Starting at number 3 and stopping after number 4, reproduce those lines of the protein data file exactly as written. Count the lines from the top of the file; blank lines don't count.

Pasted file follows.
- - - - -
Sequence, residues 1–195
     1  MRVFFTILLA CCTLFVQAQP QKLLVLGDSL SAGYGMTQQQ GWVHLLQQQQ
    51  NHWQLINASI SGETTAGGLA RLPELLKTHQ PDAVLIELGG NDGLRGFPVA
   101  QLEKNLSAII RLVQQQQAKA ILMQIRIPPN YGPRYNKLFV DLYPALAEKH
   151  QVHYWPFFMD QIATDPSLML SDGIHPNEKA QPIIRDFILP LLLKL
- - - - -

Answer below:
    51  NHWQLINASI SGETTAGGLA RLPELLKTHQ PDAVLIELGG NDGLRGFPVA
   101  QLEKNLSAII RLVQQQQAKA ILMQIRIPPN YGPRYNKLFV DLYPALAEKH